A collaboration between the US agency and the governments in a region with one of the highest air pollution-related death rates in the world, has resulted in a new project called ASIA-AQ. The study is focusing on the Philippines, where about a third of global air pollution-related deaths exist. Scientists believe that the number of air pollution-related deaths will continue to increase in the coming years.
Starting this week, the US agency’s DC-8 flies for up to eight hours at a time – sometimes just 15 meters off the ground – to collect airborne particles for study. Readings from aircraft can help fill gaps in the ability to interpret satellite data and can lead to more accurate models, which will improve forecasting air quality. The Philippines’ secretary of environment and natural resources believes that a combination of readings from the air, space, and ground is necessary for policies related to public health, industrial compliance, and ecosystem conservation.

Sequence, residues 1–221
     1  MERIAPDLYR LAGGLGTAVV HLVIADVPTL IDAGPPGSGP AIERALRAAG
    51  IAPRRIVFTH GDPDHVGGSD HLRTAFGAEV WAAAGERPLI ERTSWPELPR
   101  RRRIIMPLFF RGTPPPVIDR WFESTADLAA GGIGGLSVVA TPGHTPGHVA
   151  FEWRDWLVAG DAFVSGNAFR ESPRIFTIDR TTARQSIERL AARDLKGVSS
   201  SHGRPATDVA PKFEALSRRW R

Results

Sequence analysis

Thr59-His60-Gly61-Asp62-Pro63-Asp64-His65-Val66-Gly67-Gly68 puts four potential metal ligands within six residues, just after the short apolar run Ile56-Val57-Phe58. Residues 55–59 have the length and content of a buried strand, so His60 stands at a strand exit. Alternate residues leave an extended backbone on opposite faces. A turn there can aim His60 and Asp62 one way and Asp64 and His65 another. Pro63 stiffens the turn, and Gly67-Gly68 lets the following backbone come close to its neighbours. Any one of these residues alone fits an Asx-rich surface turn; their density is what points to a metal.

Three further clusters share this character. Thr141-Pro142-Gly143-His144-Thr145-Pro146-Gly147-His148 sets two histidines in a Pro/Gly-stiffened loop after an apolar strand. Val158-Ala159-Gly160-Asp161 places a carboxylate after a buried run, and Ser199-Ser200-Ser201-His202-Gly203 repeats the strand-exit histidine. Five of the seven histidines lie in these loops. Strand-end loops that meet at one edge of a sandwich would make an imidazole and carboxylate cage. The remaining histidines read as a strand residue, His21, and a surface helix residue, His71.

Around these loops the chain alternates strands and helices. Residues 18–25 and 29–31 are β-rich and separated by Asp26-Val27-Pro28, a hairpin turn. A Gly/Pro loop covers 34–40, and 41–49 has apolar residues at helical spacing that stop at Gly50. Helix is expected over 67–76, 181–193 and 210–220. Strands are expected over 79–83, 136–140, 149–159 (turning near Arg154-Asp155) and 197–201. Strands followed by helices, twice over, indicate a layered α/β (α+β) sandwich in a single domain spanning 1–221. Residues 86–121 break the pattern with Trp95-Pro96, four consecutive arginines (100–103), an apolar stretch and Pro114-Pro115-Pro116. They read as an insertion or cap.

Equipped with highly sensitive instruments, NASA lab has flown twice so far this week over some of the most densely populated areas of the Philippines. It was followed by a smaller NASA Gulfstream jet, which is capable of creating three-dimensional maps of airborne pollutants. In the coming weeks, the planes will also conduct exploratory flights over South Korea, Malaysia, and Thailand. After a year,